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HISTORY OF VARIETY - Variety - the Children's Charity of Ireland

HISTORY OF VARIETY

founding-members

History
Now an International Charity, Variety – the Children’s Charity’s destiny began on the evening of December 24, 1928.  The manager of the Sheridan Square Theatre in Pittsburgh found an infant abandoned in the theatre along with a note saying:

“Please take care of my baby. Her name is Catherine. I can no longer take care of her. I have eight others. My husband is out of work. She was born on Thanksgiving Day. I have always heard of the goodness of show business and I pray to God that you will look out for her.”

When all efforts by the police and local newspapers failed to locate the parents, the 11 club members decided to underwrite the infant’s support and education.

The child was named Catherine Variety Sheridan. The 11 ‘godfathers’ were proud that a distraught mother had entrusted her child to showpeople. The subsequent publicity surrounding Catherine and her benefactors attracted many other showbusiness people anxious to help. Before long Catherine had more clothes and toys than any child could possibly need.

As a result, by the time Catherine was adopted at the age of five, the club that she had effectively started was well on the way to becoming a recognised children’s charity. It was not long before the Variety – the Children’s Charity decided to raise funds for even more disadvantaged children.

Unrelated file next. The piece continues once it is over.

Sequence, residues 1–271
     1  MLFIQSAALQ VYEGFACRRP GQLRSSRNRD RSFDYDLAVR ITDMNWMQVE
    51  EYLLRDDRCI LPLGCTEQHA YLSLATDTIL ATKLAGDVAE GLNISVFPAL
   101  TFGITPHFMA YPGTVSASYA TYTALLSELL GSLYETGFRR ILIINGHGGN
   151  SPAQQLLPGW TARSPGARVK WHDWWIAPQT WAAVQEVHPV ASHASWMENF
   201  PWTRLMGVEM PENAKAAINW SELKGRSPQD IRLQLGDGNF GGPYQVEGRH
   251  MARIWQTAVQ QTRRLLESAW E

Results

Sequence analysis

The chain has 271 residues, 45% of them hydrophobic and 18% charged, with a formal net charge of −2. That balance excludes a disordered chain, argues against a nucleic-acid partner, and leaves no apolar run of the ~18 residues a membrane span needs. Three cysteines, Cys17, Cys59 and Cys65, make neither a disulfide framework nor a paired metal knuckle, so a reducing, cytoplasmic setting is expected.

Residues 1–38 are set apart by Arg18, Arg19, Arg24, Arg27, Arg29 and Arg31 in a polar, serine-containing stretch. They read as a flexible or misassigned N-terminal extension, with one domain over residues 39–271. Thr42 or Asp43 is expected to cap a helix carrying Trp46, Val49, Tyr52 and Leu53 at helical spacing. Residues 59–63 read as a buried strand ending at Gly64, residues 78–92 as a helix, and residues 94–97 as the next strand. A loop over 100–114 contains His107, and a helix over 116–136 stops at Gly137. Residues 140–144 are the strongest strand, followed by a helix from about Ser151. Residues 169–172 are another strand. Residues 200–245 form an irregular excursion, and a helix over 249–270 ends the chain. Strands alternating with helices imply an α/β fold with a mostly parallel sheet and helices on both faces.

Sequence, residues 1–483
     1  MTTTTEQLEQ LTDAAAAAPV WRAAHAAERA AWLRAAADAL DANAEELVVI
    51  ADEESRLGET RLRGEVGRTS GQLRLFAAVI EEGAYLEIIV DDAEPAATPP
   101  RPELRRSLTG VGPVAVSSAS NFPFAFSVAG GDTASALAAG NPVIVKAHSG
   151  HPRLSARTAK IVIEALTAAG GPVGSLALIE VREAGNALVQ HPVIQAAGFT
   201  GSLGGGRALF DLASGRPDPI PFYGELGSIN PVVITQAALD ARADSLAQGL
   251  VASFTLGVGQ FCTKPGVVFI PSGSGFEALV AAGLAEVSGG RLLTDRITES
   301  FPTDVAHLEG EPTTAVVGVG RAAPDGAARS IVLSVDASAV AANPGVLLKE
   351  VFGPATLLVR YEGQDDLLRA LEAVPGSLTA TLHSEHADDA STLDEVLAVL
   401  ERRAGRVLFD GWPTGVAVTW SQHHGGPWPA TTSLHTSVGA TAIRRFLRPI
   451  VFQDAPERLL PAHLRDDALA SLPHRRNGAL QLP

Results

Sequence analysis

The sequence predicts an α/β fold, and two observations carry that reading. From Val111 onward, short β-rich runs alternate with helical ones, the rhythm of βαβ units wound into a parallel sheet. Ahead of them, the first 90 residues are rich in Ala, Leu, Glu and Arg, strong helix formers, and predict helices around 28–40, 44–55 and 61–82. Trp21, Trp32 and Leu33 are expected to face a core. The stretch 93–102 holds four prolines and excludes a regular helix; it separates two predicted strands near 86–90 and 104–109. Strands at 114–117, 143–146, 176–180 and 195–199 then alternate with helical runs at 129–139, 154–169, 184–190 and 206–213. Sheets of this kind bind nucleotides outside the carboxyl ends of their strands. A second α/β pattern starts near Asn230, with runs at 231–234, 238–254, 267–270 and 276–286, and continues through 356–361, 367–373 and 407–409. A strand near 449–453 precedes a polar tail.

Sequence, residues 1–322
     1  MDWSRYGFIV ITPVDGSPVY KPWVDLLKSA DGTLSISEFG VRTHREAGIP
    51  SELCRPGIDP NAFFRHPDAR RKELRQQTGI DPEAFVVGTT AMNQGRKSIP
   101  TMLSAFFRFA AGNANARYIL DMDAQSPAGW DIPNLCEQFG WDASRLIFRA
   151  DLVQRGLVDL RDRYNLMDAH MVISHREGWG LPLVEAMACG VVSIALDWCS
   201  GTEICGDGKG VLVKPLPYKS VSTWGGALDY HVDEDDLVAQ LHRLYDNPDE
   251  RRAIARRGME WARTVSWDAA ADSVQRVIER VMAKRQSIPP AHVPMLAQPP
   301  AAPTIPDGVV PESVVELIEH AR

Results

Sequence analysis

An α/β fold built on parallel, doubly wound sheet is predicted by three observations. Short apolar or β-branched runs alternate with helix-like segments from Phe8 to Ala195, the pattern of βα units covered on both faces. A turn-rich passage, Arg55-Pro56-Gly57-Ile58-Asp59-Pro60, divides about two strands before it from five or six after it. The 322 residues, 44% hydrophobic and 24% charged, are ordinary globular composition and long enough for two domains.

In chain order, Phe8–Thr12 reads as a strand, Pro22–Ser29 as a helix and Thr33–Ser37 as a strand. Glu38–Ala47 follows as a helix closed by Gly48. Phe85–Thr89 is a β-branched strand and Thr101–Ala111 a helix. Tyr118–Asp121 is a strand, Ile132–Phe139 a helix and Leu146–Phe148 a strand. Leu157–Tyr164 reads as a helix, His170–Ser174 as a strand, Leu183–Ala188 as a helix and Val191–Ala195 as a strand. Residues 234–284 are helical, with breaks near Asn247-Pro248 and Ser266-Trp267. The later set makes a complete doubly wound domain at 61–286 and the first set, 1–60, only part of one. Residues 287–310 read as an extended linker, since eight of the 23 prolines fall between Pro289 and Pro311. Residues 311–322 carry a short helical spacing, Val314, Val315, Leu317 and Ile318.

The club’s first fundraising event was held under a circus big top, which is why the circus vernacular is used within the club structure worldwide. The vernacular of the circus is employed in the Variety structure with the Chapters called “Tents” and the members “Barkers.” The Board of Directors of Variety International, their Associations, and Tents, are called “Crews,” as they are relied on to “build” our Tents worldwide.

How it all works
When the founding fathers of Variety – the Children’s Charity first constituted the charity in the United States in the 1920’s, they came up with a structure that provided a blueprint for Variety – the Children’s Charity all over the world. Based on the language of fairgrounds and carnivals, Variety, the Children’s Charity still uses terms that may seem something of a mystery to those who know little about the charity.

For example, the main ‘board’ of the charity, consisting of trustees and others, is called the Crew, named after those who erected the old circus tents or nowadays provide the various technical experts to make a film or stage a live production. The ‘chairman’ of the board is called the Chief Barker, the name of the man who drummed up punters at the fairground.

The important thing is that all these people are volunteers who expect absolutely nothing in return for the time, effort and money they put into the charity. But it’s worth it – every time you see a smile on the face of a child the charity has helped.

Tent 41, as the Irish charity is known, is one of more than 50 ‘tents’ throughout the world, including the USA, UK, Australia, New Zealand, South Africa, Israel, Barbados and France.


Variety Tents are composed of the following elected Officers:

  • Chief Barker (President) – Calls or attracts people to the Tents
  • First and Second Assistant Chief Barker (Vice Presidents) - Provide assistance in attracting members
  • Dough Guy (Treasurer) – Literally the “dough” or “money” guy
  • Property Master (Secretary) – Is responsible for crew needs
  • Press Guy (Publicist) – Handles all publicity and press releases
  • Big Boss (President Emeritus)